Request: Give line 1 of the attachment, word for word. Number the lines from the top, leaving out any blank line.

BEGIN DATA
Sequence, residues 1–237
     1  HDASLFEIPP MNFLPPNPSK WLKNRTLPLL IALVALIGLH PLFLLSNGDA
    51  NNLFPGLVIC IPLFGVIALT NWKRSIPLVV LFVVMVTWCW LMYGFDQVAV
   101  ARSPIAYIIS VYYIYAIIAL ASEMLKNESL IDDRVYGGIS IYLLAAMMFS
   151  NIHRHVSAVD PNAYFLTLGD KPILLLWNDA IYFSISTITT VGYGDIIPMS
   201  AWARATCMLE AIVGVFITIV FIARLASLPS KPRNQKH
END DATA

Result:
Sequence, residues 1–237